Sport Competition Anxiety Test (SCAT)
Anxiety and arousal can have a big influence on performance levels. If anxiety and arousal are well balanced performance can be at its peak. If too anxious, bored or uninterested performance can suffer. On the other hand if you are over excited your performance can also suffer. We will look at examples of this in class. For now we will look to assess your anxiety levels using this questionnaire.

Assessing Your Anxiety:

Read each statement below, decide if you "Rarely", "Sometimes" or "Often" feel this way when competing in your sport, tick the appropriate box to indicate your response.

#
Statement
Rarely
Sometimes
Often
1
Competing against other People/Teams is socially enjoyable



2
Before I compete - I feel uneasy



3
Before I compete - I worry about not performing well



4
I am a good sportsman when I compete



5
When I compete - I worry about making mistakes



6
Before I compete - I am calm



7
Setting a goal is important when competing



8
Before I compete - I get a queasy feeling in my stomach



9
Just before competing - I notice my heart beats faster than usual



10
I like to compete in games that demands a lot of physical energy



11
Before I compete - I feel relaxed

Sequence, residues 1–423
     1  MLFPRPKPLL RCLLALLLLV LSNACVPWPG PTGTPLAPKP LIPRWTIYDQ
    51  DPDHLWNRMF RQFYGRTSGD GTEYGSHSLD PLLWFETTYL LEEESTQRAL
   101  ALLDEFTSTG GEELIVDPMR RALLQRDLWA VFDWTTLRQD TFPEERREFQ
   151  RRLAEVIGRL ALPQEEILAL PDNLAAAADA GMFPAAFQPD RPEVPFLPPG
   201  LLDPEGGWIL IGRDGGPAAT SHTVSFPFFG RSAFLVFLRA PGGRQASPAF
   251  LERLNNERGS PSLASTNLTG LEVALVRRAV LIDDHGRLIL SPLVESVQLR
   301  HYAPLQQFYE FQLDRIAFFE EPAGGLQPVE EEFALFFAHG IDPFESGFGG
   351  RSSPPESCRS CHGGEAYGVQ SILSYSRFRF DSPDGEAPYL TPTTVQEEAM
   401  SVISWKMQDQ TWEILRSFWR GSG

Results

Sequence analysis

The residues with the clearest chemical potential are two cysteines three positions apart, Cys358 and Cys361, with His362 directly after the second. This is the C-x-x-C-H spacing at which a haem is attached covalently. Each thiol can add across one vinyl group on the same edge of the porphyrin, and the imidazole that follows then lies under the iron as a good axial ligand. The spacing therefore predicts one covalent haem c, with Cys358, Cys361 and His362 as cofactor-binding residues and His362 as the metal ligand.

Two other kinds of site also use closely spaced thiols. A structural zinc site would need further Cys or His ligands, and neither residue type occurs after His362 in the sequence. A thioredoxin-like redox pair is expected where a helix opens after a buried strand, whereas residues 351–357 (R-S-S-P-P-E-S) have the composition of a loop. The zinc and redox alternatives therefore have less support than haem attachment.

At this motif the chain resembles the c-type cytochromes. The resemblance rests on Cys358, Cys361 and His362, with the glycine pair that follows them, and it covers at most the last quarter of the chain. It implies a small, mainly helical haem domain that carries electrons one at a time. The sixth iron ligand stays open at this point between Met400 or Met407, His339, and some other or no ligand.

12
Before I compete - I am nervous



13
Team sports are more exciting than individual sports



14
I get nervous wanting to start the game



15
Before I compete - I usually get uptight




Analysis:

The score for the response to each question is detailed below. Enter the score for each question in the “Athlete’s Score” column and then total the column up to provide a SCAT score.Note that questions 1,4,7,10 and 13 score zero regardless of the response.
Question
Rarely
Sometimes
Often

Athletes score
1
0
0
0

0
2
1
2
3


3
1
2
3


4
0
0
0

0
5
1
2
3


6
3
2
1


7
0
0
0

0
8
1
2
3


9
1
2
3


10
0
0
0

0
11
3
2
1


12
1
2
3


13
0
0
0

0
14
1
2
3


15
1
2
3






TOTAL


SCAT Score analysis:
  • Less than 17 You have a low level of anxiety
  • 17 to 24 You have an average level of anxiety
  • More than 24 You have a high level of anxiety


Mental Toughness Questionnaire
Just how mentally tough are you? Take a few moments to fill out this questionnaire that covers several component skills of mental toughness. When you're finished, check your answers in the evaluation section that follows to determine your mental strengths and weaknesses: Answer T for True and F for False for each statement

TRUE
FALSE
1) I frequently worry about mistakes.


2) I get really down on myself during performance when I mess up.


3) It's easy for me to let go of my mistakes.


4) If I start out badly, it's hard for me to turn my performance around.


5) I get distracted by what the coach thinks whenever I screw up.


6) I bounce back quickly from setbacks, bad breaks and mistakes.





7) I do my best when there's more pressure on me.


8) I get too nervous to really perform to my potential.


9) I do better in practice than I do when it really counts the most.


10) I tend to get easily psyched out or intimidated.


11) I can keep myself calm and composed under pressure.


12) I don't want the ball/dread competing at "crunch time." (big game/race).